SEARCH

SEARCH BY CITATION

Keywords:

  • Biglycan;
  • chronic nephrotoxicity;
  • cyclosporine;
  • extracellular matrix;
  • fibrosis;
  • pirfenidone;
  • plasminogen activator inhibitor-1;
  • rats;
  • transforming growth factor-β1

Abstract

  1. Top of page
  2. Abstract
  3. Introduction
  4. Results
  5. Discussion
  6. Acknowledgments
  7. References

Chronic cyclosporine (CsA) nephrotoxicity is characterized by tubulointerstitial fibrosis. Pirfenidone (PFD) is a novel antifibrotic compound that was shown to prevent and even reverse fibrosis. The mechanism of action of PFD is unclear but involves inhibition of transforming growth factor-β (TGF-β). Salt-depleted rats were administered CsA, CsA + PFD, vehicle (VH) or VH + PFD and sacrificed at 28 days. Physiologic and histologic changes were studied in addition to TGF-β1, plasminogen activator inhibitor-1 (PAI-1) and biglycan mRNA expressions by Northern blot. TGF-β1 immunohistochemistry was also performed. Treatment with PFD ameliorated CsA-induced fibrosis by about 50% (p < 0.05). CsA-induced decrease in creatinine clearance improved with PFD but the difference was not significant. TGF-β1, PAI-1 and biglycan mRNA expressions increased with CsA (p < 0.05 vs. VH) but strikingly improved with PFD treatment (p < 0.05 vs. CsA), which brought the levels down to VH levels. PFD treatment also decreased TGF-β1 protein expression by 80%. These results demonstrate that PFD can attenuate renal fibrosis in this model. PFD was associated with a decrease in TGF-β1 expression, which, in turn, was associated with a decrease in matrix deposition. These experiments suggest that PFD can be clinically useful for preventing chronic CsA nephrotoxicity and may prove to be helpful in other progressive renal diseases.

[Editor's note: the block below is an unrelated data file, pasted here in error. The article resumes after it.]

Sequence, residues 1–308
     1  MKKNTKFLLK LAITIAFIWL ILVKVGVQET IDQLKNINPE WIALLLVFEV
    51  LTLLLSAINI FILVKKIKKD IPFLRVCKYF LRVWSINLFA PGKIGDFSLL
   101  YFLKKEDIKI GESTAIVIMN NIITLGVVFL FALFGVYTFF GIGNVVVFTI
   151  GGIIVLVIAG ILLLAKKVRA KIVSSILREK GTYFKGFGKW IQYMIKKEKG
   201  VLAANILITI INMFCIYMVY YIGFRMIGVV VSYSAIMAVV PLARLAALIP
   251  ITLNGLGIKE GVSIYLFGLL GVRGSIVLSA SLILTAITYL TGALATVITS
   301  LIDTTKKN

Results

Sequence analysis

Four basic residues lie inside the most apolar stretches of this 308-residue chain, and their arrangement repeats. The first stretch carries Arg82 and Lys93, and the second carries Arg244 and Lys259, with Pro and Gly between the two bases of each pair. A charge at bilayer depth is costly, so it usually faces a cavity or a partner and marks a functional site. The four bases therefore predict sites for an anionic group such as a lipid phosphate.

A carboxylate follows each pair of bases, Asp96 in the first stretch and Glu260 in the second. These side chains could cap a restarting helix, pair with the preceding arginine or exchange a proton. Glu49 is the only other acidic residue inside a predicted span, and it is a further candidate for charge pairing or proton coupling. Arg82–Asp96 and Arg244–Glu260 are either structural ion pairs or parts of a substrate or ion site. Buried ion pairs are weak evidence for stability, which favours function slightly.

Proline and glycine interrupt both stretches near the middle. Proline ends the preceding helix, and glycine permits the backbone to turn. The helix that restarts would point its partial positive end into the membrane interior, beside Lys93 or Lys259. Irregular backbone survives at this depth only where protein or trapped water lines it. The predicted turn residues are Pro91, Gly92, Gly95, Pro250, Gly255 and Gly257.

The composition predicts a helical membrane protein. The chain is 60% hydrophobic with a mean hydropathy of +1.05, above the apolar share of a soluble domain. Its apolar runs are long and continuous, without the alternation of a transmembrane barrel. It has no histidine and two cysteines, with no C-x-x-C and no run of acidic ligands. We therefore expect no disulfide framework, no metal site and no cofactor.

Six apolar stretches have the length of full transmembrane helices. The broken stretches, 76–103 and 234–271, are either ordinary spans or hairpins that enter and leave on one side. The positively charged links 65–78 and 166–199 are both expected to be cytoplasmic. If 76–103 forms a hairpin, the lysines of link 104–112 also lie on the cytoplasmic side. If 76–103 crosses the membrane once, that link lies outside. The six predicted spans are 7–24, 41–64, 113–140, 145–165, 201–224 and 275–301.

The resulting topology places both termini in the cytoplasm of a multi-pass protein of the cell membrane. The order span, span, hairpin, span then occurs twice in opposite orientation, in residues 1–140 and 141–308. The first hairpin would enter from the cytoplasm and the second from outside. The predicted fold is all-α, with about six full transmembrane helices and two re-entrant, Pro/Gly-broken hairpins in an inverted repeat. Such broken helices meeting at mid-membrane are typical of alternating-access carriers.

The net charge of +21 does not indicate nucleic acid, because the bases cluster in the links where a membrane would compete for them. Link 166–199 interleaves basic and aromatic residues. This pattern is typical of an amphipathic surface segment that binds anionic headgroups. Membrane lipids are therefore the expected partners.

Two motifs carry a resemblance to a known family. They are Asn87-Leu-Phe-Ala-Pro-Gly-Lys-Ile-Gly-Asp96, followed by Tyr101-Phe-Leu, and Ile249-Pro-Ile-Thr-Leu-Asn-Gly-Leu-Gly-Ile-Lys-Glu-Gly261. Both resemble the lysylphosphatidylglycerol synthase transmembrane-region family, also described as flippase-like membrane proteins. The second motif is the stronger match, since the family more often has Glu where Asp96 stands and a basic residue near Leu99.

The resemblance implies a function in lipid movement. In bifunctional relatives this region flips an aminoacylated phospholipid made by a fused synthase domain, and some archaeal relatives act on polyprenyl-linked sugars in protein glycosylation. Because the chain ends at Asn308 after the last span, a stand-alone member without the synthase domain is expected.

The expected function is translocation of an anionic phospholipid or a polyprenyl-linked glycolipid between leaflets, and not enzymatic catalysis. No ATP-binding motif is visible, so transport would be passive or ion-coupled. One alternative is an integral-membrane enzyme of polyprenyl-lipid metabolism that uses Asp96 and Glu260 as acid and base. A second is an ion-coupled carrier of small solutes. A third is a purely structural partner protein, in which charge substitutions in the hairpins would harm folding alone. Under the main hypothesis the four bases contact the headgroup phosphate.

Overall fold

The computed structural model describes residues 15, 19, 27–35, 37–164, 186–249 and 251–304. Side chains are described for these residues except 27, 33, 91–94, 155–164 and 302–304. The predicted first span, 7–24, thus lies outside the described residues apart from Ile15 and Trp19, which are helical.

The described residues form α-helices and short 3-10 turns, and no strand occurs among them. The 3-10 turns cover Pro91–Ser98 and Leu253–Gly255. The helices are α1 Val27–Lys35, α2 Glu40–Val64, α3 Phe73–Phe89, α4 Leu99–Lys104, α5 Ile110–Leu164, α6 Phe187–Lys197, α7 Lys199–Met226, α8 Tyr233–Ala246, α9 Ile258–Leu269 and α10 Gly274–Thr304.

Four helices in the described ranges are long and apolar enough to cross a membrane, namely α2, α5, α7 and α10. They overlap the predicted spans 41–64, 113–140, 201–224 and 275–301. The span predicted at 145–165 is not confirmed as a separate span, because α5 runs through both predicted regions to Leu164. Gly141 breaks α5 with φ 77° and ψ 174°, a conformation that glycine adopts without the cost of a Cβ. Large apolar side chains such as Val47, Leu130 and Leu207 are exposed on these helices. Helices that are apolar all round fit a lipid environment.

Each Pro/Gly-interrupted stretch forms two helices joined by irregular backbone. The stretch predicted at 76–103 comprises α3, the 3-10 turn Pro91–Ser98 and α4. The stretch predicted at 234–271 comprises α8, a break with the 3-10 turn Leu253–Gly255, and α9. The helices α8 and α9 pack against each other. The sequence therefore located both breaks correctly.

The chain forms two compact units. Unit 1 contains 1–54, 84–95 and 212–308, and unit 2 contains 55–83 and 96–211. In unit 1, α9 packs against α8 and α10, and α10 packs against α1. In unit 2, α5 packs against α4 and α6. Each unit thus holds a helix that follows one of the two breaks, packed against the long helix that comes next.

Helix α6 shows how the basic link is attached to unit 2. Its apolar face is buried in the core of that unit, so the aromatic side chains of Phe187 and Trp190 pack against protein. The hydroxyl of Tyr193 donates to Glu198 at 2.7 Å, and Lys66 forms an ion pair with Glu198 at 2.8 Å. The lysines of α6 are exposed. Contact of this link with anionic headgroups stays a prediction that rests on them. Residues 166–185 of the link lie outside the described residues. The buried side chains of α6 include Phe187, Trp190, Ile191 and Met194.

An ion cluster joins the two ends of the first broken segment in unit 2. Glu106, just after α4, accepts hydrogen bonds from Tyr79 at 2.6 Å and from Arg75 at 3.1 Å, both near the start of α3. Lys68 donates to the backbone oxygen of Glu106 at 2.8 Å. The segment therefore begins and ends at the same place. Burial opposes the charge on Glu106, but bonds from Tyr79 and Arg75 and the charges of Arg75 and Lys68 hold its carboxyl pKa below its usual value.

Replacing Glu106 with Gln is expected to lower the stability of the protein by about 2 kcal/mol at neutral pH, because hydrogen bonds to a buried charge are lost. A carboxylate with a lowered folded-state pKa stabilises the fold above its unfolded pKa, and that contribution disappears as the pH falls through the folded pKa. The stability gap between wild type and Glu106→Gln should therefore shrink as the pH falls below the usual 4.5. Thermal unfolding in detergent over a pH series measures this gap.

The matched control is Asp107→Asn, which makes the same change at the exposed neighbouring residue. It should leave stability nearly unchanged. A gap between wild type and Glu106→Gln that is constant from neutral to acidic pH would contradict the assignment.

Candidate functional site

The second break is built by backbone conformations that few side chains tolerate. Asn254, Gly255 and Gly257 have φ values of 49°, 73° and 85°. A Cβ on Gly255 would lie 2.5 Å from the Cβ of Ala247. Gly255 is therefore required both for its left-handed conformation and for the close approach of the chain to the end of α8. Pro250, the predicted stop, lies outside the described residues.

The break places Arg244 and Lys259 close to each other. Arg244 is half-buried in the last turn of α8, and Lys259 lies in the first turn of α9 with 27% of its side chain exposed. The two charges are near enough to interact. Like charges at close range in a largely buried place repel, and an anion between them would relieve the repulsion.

Introduction

  1. Top of page
  2. Abstract
  3. Introduction
  4. Results
  5. Discussion
  6. Acknowledgments
  7. References

Cyclosporine (CsA) remains an important immunosuppressive drug used in transplantation and autoimmune diseases (1). However, the major dose-limiting adverse effect of long-term CsA administration is chronic nephrotoxicity, an irreversible renal lesion characterized by striped tubulointerstitial fibrosis, tubular atrophy and afferent arteriolar hyalinosis (2). The mechanisms leading to fibrosis in CsA nephrotoxicity remain poorly understood. Our previous studies using an experimental model of chronic CsA nephrotoxicity have shown that the fibrogenic cytokine transforming growth factor-β1 (TGF-β1) is involved in the fibrosis of this model by increasing extracellular matrix (ECM) synthesis and by decreasing ECM degradation through increasing the activity of plasminogen activator inhibitor-1 (PAI-1) (3). Apoptosis seems to play a role in this model and is directly correlated with tubulointerstitial fibrosis where the loss of cells may prevent the ability of the kidney to remodel effectively (4).